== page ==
Aging

“Old age comes on suddenly, and not gradually as is thought.”

– Emily Dickinson

Where did the time go?  It seems only yesterday I was a young lad, fishing for crawdads, playing with our family dogs, Snappy and Mandy, scuffling with my brother Jim, incessantly pestering my little sister Connie, eating as much candy as I could get my hands on, and living the good life.  My only responsibilities were taking a daily bath, brushing my teeth, performing my chores, going to school, and keeping in my parents’ good graces.  These were happy times, the proverbial days of wine and roses, and the farthest thing from my mind was growing old.

Then came junior high and high school, with their associated adolescent difficulties, college at Oklahoma State University, medical school, marriage, working in the emergency department, raising three lovely daughters, divorce, and eventually marriage to Sheridan, the love of my life.  At that point, the writing bug bit me, and I feverishly authored five books, three published, with two more waiting in the wings.

One recent, frosty winter morning, though, as I looked at myself in the bathroom mirror, I saw the beginning of jowls, a bald, shiny head, a sprinkling of white hairs in various, odd locations, and more wrinkles than I remembered – lots more. To my dismay, I suddenly realized:  That’s me – I’m sixty-five years old.

In disbelief, I first looked away, then I glanced again at the aged man staring at me from the mirror. Seemingly overnight, I had morphed from a sprightly, pink-cheeked, innocent youth into a moldering senior citizen.

As much as I hate to admit it, the sad truth is that now I am on Medicare and a lifetime, no-way-out member of the Geritol Generation. How could anyone in their right mind describe these times of inexorable decline as the “Golden Years?”  If I had to take a guess, I might suppose that some out-of-work psychologist thought up this crazy notion while in a drug-induced stupor, just to make us feel better about our situation when we age.

So, now that I’m approaching the sunset of my life, what am I to do?  How do I stay away from eventually living at the Withering Heights nursing home and becoming miserable as I get old and decrepit?  Should I accept my fate as immutable?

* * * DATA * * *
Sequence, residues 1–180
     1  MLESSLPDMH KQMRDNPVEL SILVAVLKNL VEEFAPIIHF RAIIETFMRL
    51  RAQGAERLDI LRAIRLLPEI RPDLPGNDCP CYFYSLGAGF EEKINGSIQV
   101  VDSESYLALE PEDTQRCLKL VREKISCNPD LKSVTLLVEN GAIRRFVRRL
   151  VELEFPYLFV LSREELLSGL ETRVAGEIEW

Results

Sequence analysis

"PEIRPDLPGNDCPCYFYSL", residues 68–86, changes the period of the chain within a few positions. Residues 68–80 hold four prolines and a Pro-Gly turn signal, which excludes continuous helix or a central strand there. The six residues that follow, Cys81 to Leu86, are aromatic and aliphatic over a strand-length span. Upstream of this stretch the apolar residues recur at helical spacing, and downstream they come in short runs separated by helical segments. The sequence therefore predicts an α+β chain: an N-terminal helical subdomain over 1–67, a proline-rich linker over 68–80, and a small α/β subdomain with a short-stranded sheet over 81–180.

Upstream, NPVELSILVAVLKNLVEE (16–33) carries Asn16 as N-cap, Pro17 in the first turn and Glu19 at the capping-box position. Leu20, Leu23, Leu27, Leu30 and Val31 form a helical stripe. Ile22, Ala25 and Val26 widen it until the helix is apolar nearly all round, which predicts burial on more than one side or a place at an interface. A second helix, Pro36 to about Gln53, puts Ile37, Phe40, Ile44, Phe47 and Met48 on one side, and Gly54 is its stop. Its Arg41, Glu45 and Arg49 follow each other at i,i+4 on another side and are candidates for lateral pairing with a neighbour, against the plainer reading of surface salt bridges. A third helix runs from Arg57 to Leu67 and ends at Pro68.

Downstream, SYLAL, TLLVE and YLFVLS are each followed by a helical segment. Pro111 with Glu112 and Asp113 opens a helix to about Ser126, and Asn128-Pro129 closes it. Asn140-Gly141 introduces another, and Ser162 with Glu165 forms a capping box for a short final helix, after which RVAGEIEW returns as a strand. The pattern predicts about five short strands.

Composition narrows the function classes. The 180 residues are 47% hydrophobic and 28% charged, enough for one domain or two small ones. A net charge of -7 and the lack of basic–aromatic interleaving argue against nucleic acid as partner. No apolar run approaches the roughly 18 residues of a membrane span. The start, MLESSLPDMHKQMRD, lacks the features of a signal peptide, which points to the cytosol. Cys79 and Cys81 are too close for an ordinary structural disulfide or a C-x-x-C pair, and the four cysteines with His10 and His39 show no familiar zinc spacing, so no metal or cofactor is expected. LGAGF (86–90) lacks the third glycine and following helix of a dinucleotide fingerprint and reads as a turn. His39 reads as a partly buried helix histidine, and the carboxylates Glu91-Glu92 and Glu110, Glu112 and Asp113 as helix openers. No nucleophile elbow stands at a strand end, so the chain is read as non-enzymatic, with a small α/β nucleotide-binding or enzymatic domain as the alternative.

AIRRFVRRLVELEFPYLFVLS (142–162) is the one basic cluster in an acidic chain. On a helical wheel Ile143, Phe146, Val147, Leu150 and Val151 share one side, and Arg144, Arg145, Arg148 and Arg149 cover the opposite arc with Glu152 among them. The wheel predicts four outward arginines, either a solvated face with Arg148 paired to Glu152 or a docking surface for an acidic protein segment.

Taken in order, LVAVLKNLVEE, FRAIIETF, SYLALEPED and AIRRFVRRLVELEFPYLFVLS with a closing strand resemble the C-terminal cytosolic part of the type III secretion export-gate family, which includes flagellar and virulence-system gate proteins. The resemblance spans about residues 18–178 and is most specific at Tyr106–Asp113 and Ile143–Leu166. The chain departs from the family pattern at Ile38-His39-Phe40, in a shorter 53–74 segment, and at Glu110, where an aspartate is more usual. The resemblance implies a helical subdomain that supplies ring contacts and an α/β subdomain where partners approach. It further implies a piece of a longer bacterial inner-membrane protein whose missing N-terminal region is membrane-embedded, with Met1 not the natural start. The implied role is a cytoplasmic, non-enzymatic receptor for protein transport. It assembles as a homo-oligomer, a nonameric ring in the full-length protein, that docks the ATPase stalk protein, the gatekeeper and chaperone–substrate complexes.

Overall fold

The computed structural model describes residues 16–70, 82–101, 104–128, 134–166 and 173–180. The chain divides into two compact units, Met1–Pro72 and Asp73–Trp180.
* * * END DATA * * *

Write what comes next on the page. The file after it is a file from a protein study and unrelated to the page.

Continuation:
As I asked these questions of myself, I thought back to my colleague and friend, Doctor Andrew Weil, who once said that the overall goal of aging was not to stop or reverse the aging process, aspirations simply not attainable, but rather, to achieve what some have called “compression of morbidity.”  In other words, by following a healthy lifestyle, the elderly can have a long and vigorous life, yet when death approaches, a rapid decline occurs, which is far better than lingering in misery.  So, in expectation of achieving “compression of morbidity,” as an integrative physician, here are my recommendations to those ensconced in their senior years:

1. Stay active. Those who become sedentary have a tendency to stay that way.

2. Watch television in moderation.  I used to drive for Mobile Meals and delivered food to the aged and infirm.  I was astounded at how many were watching TV when I knocked on their front door. Too much television is mind-numbing and not conducive to a healthy brain.

3. Eat well.  Diets rich in fresh fruits and vegetables are important, and should be combined with a rich source of omega-3 fatty acids, such as wild-caught salmon. Enjoy whole grain products, avoid fried foods, and limit the intake of refined sugar, red meat and white flour.  By all means, though, at least occasionally live on the wild side and enjoy a rich, totally unhealthy meal. More importantly, don’t feel bad about it.

4. Maintain social connections.  To love and be loved is meaningful at any age, but this is especially true in the older population.

5.  Always have something to look forward to, such as travel, trying a new restaurant, or even attending the weekly bingo game.

6.  Keep your mind active.  Crossword puzzles, Sudoku, and any hobby you enjoy are avenues to keep the mind sharp. As the old saying goes, “If you don’t use it, you lose it.”

7.  Avoid polypharmacy.  You’d be amazed at the cornucopia of medications that elderly patients are prescribed by well-intended physicians.  Remember, every medication has side effects and drug interactions of some kind.  Multiply that by an increasing number of different prescriptions, and you’ve got a potential disaster on your hands.

8.  Consider volunteer work.  It’s important to believe that one still has a purpose in life.

As I have pondered the aging process, the more I have come to realize that with a little time, effort and persistence, the “Golden Years” can be just that.  Granted, aging has it’s issues, but what about the positives?  One usually has more free time to do what one wants, rather than being constrained by parenting children, a busy work schedule or limited vacation time.  More moments are available to spend with loved ones, and retirement can be a time of mellowness and reflection, a chance to learn, grow, and heal from the wounds of earlier years. Besides all that, growing old is an opportunity to deepen one’s relationship with God, whether through spiritual texts, meditation, service to others – wherever your soul leads you.

Someday, as much as I’d like to believe otherwise, I will die.  Granted, at least part of what takes place before that point is beyond my control, but I plan to follow my own advice and do all that I can to have a lifestyle that limits my eventual suffering and disability. After all, I’ve got a number of destinations yet to explore and many more books to write.

Something to look forward to?

Always.

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